Thursday, March 29, 2012
Most of the time we as Christians are far too easily satisfied with a shallow walk with God. We settle for an acquaintanceship with Jesus instead of a robust friendship. We nibble at God’s Word instead of feasting on it and digesting it, making it part of our very being. We want faith without its accompanying repentance. We rush through a quick prayer list but never listen to the Lord speaking to us. We try to witness, but in reality we have little to say to unbelievers since we ourselves have not encountered God radically transforming us.
Although we often tell ourselves that we are doing just fine as believers, underneath we know there must be more. There has to be so much more to a vibrant walk with God than anything we are experiencing!
Holy Week is an invitation to a deeper spiritual life. By “deeper” we mean putting our roots down further in the Lord, loving God on a whole new plane, and soaking in Scripture so it becomes our daily bread. It means seeing the Lord radically alter our thoughts, attitudes, word and deeds.
A deeper life entails substantive transformation in our lives—down at the root level. The word “radical” comes from the Latin for “root.” Radical change is therefore transformation at the root level instead of superficial change on the surface.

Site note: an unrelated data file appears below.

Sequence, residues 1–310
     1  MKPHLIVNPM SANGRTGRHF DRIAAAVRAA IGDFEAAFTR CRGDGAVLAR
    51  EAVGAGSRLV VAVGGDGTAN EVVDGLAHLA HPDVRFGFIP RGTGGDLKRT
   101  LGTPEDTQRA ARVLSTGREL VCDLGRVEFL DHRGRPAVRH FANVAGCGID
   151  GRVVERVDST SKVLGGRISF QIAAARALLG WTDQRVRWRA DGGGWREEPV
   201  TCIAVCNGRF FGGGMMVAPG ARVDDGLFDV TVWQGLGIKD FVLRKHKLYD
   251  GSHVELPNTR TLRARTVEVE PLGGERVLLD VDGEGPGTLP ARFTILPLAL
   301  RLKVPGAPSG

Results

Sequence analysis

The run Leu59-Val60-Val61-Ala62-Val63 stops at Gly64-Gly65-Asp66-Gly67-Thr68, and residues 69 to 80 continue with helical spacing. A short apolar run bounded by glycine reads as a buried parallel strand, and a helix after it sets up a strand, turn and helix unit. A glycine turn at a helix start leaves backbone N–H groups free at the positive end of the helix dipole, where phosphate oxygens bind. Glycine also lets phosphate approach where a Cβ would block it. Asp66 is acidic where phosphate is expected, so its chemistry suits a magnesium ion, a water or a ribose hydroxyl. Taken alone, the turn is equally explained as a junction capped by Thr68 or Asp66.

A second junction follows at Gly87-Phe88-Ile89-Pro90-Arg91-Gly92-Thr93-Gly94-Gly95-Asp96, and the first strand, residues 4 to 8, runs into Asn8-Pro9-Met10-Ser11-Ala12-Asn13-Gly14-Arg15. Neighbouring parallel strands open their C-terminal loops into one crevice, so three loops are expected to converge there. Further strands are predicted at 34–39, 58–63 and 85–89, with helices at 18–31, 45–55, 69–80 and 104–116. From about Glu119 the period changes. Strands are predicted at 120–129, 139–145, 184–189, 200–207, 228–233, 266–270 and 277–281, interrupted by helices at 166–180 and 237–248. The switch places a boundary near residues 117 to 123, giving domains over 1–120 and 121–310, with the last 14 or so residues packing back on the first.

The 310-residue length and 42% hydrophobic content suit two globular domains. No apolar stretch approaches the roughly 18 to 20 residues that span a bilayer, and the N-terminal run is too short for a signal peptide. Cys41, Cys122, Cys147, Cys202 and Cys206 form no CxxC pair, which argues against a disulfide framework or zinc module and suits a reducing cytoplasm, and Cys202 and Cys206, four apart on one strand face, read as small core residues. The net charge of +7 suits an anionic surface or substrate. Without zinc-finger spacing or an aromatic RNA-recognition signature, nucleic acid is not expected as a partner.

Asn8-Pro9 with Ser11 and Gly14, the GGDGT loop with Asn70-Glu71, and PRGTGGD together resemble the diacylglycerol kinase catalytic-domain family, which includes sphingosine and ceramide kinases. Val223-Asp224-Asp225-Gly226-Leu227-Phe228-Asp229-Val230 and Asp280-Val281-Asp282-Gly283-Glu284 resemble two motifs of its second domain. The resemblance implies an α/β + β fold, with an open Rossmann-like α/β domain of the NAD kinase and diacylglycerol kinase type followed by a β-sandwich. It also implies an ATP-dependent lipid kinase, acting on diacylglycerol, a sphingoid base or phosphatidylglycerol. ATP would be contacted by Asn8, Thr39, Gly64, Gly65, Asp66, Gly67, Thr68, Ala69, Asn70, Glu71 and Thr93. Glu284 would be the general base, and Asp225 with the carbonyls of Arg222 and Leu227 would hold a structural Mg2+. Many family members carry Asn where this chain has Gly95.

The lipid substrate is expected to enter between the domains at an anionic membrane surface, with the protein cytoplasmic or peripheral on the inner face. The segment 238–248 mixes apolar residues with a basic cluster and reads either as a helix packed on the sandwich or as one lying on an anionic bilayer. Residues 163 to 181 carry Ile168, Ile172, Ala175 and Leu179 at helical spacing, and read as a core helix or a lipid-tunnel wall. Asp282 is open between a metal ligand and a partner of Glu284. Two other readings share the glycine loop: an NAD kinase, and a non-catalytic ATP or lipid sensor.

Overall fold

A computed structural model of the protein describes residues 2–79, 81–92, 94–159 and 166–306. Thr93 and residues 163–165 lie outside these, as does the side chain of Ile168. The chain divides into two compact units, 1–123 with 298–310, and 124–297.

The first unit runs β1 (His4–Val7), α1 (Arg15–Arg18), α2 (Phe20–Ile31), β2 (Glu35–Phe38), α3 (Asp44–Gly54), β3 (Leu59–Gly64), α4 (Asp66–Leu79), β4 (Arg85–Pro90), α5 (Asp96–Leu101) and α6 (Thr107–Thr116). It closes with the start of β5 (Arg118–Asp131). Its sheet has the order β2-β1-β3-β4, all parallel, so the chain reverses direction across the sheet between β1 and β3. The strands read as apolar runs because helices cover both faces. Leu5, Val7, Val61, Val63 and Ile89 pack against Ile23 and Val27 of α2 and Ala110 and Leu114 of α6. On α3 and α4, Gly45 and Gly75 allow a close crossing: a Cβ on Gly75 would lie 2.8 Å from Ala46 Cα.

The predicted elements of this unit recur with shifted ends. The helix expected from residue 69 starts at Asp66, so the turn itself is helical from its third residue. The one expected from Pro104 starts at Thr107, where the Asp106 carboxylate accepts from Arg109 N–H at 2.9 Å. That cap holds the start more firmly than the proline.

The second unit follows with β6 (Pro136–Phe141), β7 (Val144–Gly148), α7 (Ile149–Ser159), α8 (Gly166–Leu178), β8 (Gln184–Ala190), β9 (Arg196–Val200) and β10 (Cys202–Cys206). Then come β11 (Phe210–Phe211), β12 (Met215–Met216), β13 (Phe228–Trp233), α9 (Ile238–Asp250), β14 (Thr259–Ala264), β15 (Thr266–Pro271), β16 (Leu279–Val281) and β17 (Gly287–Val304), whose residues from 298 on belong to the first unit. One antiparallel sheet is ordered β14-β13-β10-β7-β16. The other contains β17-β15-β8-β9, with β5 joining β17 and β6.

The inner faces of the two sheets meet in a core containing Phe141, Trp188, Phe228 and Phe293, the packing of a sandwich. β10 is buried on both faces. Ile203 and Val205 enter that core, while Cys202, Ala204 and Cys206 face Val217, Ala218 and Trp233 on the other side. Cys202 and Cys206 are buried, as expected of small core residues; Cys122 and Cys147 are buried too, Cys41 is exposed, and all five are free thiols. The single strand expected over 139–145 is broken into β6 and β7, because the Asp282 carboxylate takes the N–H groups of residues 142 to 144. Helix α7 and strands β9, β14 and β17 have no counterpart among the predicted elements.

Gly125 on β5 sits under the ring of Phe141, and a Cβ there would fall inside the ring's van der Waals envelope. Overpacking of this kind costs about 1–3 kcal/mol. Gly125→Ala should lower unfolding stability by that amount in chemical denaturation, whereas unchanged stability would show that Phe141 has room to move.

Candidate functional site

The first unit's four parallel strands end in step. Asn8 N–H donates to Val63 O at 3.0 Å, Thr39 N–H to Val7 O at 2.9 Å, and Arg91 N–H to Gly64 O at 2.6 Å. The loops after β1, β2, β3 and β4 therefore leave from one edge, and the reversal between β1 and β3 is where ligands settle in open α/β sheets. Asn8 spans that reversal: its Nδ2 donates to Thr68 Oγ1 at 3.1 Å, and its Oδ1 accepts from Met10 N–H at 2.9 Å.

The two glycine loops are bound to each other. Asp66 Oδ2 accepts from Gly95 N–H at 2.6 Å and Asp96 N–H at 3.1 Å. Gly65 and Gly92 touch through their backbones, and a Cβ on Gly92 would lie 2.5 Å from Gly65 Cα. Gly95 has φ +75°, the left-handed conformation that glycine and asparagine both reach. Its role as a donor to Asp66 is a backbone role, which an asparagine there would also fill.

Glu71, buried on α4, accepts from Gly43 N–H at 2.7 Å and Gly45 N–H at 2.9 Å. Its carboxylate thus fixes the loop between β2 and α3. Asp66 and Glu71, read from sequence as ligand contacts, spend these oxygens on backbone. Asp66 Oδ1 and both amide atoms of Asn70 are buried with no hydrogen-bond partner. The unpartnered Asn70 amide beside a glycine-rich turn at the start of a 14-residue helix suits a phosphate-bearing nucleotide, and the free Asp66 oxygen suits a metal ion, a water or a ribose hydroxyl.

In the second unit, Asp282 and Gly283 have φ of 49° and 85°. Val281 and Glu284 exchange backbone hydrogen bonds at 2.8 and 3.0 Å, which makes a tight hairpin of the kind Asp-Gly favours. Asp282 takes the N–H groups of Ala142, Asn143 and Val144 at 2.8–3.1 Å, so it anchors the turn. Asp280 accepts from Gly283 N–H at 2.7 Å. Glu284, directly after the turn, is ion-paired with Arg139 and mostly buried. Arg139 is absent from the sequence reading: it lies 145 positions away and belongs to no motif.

Holy Week is an opportunity to take a hard look at ourselves and our walk with God. As we walk through this week before Easter--observing the Last Supper on Thursday, Jesus’ passion on Friday, and the emptiness and waiting of Saturday—we have time for the Lord to search us within. Since the early centuries of the church, Christians have set aside these days leading up to Easter as t time for serious “spring house cleaning” within.
A deeper life with the Lord begins with honesty—being real. Where am I right now? How am I genuinely walking with God, and where have I strayed off the path?
During Holy Week, take a few minutes to write down some reflection to these questions:
-Where am I with God at this point in my life?
-How close or how far away from the Lord has my daily life been over the past couple of months?
-How do I want to go deeper with Jesus?
-What hinders me from being more open and vulnerable with him?
You may want to share these answers with a friend—someone who you can be candid with and someone who cares enough about you to check back and see how you are doing.
Holy Week is a time of redirection—setting a new course in life. The word “repentance” comes from the Greek metanoia. Metanoia means to change our thinking or our direction in life. It means we were headed one way but now we are turning around 180 degrees and heading in the opposite direction. Repentance is not simply saying we are sorry. Rather, it means that we move deliberately in the other direction.